MUNICH (Reuters) - Britain should avoid relying on a monopoly provider of equipment in new 5G mobile networks, but there are no easy answers to concerns about using Chinese supplier Huawei, the chief of Britain’s foreign intelligence service said on Friday.
Huawei, the world’s biggest producer of telecoms equipment, faces intense scrutiny in the West over its relationship with the Chinese government and U.S.-led allegations that its equipment could be used by Beijing for spying.
No evidence has been produced publicly and the firm has repeatedly denied the allegations, which have led several Western countries to restrict Huawei’s access to their markets.
Asked if Britain was seeking to manage risks perceived as being attached to Huawei rather than simply to ban the provider, Alex Younger told reporters in Munich: “I think it is a more complicated issue than ‘in or out’.”
“What I want is a proper conversation about this because it’s not inherently desirable that any piece of significant national infrastructure is provided from a monopoly supplier.”
Younger said he had not personally felt any pressure from Britain’s ‘Five Eyes’ intelligence-sharing allies - the United States, Canada, Australia and New Zealand - over using Huawei as a supplier.
“I’m not pretending I have the full answer for this, I am saying that it’s important for us to work through all of this stuff,” he added.
Britain’s BT Group said in December it was removing Huawei equipment from the core of its existing 3G and 4G mobile operations and would not use the Chinese company in central parts of the next network.
Younger, in rare public comments for a chief of the Secret Intelligence Service, or MI6, said he would stress at the Munich Security Conference he is attending this weekend that “Britain’s commitment to the security of the European continent is unconditional” despite Brexit.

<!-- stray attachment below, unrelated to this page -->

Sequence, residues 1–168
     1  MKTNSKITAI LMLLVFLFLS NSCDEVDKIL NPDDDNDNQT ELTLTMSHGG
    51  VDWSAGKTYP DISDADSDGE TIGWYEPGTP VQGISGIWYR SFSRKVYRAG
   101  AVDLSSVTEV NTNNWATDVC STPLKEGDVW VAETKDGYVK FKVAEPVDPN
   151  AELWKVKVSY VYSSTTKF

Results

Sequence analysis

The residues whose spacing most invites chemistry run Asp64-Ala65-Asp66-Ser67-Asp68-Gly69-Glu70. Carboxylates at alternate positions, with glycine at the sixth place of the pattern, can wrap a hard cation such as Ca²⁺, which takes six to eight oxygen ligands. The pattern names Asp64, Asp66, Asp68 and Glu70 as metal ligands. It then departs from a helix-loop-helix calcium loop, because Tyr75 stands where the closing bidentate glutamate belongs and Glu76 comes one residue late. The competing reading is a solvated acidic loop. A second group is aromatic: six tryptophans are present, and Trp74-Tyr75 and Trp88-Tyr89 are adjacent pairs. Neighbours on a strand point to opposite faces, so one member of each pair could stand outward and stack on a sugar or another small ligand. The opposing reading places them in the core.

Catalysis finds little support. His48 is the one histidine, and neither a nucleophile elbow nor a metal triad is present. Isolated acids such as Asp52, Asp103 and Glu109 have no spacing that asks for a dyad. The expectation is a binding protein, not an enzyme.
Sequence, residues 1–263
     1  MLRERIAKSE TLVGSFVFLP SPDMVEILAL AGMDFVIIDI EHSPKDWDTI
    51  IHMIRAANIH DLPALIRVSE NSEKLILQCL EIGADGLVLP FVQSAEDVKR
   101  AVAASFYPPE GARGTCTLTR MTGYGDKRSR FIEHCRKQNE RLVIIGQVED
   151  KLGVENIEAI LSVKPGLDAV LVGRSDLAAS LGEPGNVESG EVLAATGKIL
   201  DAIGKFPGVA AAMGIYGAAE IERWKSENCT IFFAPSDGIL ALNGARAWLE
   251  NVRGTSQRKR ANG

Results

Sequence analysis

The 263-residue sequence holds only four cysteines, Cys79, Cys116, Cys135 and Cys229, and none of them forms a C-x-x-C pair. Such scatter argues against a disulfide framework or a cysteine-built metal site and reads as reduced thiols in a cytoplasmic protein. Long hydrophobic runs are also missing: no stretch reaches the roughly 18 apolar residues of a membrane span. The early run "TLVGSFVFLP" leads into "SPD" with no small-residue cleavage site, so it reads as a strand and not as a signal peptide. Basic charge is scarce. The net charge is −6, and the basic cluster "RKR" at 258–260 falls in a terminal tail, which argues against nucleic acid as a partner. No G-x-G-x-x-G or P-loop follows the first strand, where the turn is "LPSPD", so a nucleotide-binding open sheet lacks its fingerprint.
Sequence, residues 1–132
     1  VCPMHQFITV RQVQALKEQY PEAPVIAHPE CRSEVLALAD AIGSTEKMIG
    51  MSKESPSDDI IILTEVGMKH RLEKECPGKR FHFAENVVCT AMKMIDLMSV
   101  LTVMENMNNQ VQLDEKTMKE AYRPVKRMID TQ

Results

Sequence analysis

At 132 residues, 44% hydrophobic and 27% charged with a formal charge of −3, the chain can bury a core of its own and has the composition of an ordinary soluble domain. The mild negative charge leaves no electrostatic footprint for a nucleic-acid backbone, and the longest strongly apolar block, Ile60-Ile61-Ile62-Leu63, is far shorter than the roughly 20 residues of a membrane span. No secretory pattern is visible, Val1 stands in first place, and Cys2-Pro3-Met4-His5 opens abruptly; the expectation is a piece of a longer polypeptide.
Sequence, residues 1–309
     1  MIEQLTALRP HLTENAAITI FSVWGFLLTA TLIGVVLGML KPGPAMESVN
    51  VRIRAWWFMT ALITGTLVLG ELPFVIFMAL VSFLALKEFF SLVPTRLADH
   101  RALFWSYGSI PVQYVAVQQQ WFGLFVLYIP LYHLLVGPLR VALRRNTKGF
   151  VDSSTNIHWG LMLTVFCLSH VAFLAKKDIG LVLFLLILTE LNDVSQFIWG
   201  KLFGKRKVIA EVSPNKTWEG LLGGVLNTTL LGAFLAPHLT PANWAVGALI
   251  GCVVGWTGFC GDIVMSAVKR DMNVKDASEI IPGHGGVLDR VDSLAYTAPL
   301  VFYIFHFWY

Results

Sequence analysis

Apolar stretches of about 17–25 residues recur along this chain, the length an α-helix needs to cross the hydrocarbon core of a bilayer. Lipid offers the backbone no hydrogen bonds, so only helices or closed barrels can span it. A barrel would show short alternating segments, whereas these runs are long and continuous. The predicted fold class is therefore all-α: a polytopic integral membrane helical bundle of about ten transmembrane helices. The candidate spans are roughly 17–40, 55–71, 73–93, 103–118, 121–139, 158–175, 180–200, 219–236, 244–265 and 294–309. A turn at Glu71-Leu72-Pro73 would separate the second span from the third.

Britain is due to leave the European Union on March 29.
“Even in the past year, I can think of examples where people’s lives have been saved in all of our countries as a result of this cooperation,” he said. “Bombs haven’t gone off as a result.”
Britain’s security relationship with its European allies was being galvanized by common problems such as dealing with militant fighters and brides returning to Europe after the collapse of Islamic State’s “caliphate” in Syria and Iraq.
“We are very concerned about this because all experience tells us that once someone has put themselves in that sort of position they are likely to have acquired the skills and connections that make them potentially very dangerous,” he said.
“The reality is that so far, it has been a completely manageable problem,” he added. “I can’t predict accurately what will happen in future, but it’s a very complex environment.”
Islamic State, or Daesh, has morphed and is proving “adept at inspiring at attacks rather than directing them”, he said.
“Al Qaeda, which has always been in a rivalry, and almost zero sum relationship with Daesh, has, I think, undergone a certain resurgence as a result of the degradation of Daesh,” he added. “It is definitely not down and out.”
Turning to Russia, Younger said he believed it was “intent on breaking up the links and alliances that exist” between Western states and that he was determined to attach a cost to any such efforts.
Asked whether former Russian spy Sergei Skripal and his daughter Yulia remained under threat after an assassination attempt that British authorities blame on Russia, Younger said:
“I think there is a standing threat from the GRU (military intelligence agency) and other Russian intelligence services and that very little is off limits.”
Writing by Paul Carrel; Editing by Gareth Jones